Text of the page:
Deadwyler kept11 rhesus monkeys awake for 36 hours, throughout which they performedshort-term memory and general alertness tests (Public Library of Sciences Biology,vol 3, p 299). At that level of sleep deprivation, a monkey'sperformance would normally drop to the point where it could barelyfunction at all, but Deadwyler found that CX717 had remarkablerestorative powers. Monkeys on the drug were doing better after 36hours of continual wakefulness than undrugged monkeys after normalsleep. When Deadwyler imaged their brains with functional magneticresonance imaging, (fMRI), he found that the drug maintained normalactivity even in severely sleep-deprived individuals. The results buildon those of an earlier, small-scale trial on 16 men that found CX717could largely reverse the cognitive decline that comes with 24 hours ofsleep deprivation (New Scientist, 14 May 2005, p 6).

Soldiers get high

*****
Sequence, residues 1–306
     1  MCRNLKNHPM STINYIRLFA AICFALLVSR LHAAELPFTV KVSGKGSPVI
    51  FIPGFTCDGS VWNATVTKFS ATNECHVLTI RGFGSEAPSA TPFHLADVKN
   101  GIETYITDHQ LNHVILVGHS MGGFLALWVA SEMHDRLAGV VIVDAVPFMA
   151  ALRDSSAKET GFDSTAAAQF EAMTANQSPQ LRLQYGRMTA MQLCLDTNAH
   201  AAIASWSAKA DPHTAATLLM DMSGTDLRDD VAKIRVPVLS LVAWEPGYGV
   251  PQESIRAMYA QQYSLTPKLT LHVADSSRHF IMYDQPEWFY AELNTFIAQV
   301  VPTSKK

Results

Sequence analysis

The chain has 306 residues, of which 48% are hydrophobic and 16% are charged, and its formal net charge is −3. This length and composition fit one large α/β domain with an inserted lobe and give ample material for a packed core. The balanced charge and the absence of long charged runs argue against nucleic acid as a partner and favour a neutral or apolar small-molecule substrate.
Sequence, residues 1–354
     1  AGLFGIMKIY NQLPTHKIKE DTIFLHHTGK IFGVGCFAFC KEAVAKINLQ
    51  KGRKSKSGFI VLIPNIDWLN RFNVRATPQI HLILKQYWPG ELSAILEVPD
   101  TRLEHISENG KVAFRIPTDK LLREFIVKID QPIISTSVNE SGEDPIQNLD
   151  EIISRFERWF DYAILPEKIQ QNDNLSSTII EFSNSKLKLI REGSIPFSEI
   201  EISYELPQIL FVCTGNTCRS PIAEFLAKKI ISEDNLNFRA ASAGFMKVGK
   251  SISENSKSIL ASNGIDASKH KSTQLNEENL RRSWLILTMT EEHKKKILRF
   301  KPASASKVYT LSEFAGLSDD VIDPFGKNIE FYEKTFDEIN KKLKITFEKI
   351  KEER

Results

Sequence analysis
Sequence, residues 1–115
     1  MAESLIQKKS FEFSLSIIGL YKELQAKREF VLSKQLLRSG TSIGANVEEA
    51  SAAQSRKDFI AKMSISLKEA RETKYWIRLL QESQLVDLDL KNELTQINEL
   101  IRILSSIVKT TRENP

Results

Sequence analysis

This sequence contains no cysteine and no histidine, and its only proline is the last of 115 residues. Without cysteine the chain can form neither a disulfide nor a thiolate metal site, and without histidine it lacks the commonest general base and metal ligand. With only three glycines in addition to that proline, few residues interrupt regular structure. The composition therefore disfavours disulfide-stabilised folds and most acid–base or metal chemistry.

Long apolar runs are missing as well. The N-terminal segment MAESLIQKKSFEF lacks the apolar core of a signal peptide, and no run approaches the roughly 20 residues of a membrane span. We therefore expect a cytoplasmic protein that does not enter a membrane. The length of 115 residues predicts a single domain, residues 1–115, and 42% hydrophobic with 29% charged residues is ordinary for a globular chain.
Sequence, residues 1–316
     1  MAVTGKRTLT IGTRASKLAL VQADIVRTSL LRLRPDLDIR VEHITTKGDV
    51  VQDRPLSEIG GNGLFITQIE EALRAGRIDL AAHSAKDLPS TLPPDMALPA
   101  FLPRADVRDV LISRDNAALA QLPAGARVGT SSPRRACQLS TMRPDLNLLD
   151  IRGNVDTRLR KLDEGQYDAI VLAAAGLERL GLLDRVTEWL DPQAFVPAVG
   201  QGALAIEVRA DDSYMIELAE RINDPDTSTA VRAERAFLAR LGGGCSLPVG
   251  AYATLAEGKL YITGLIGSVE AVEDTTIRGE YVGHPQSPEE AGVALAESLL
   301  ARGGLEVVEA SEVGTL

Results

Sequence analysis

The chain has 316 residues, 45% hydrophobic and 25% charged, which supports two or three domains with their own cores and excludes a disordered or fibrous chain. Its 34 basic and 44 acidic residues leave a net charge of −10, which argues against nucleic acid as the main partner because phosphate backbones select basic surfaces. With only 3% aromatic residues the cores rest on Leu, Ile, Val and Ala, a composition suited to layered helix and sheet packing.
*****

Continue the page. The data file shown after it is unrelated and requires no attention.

CX717belongs to a class of drugs called ampakines, which subtly ramp upbrain activity by enhancing the action of its main excitatoryneurotransmitter, glutamate. Cortex Pharmaceuticals of Irvine,California, which developed CX717, originally saw the drug as acognitive booster for people with Alzheimer's, but it is its potentialto counter the effects of sleep deprivation that is attracting the mostattention.

Later this year, the Defense AdvancedResearch Projects Agency (DARPA), based in Arlington, Virginia, willput CX717 through its paces as a wakefulness promoter for combat. In anexperiment designed to mimic the harsh demands of special ops,investigators will push 48 volunteers to the limit - four consecutivenights of hard work with only 4 hours of recovery sleep in between."They'll go from being tired to exhausted to crashing," says RogerStoll, Cortex's chief executive. For some of them, however, the ordealwill be softened by regular doses of CX717. DARPA hopes the drug willcounteract the sleep deprivation.

The trial shouldhelp answer some outstanding questions about CX717's potential. "Wedon't know yet if it eliminates feelings of sleepiness," says Stoll."The early signs are that people function better, their brain is alittle more hyped. But we haven't tested sleepiness directly." As withmodafinil, the evidence suggests that people struggle to tell ifthey're on the drug or not, and that hasn't turned out to be much of aproblem for modafinil.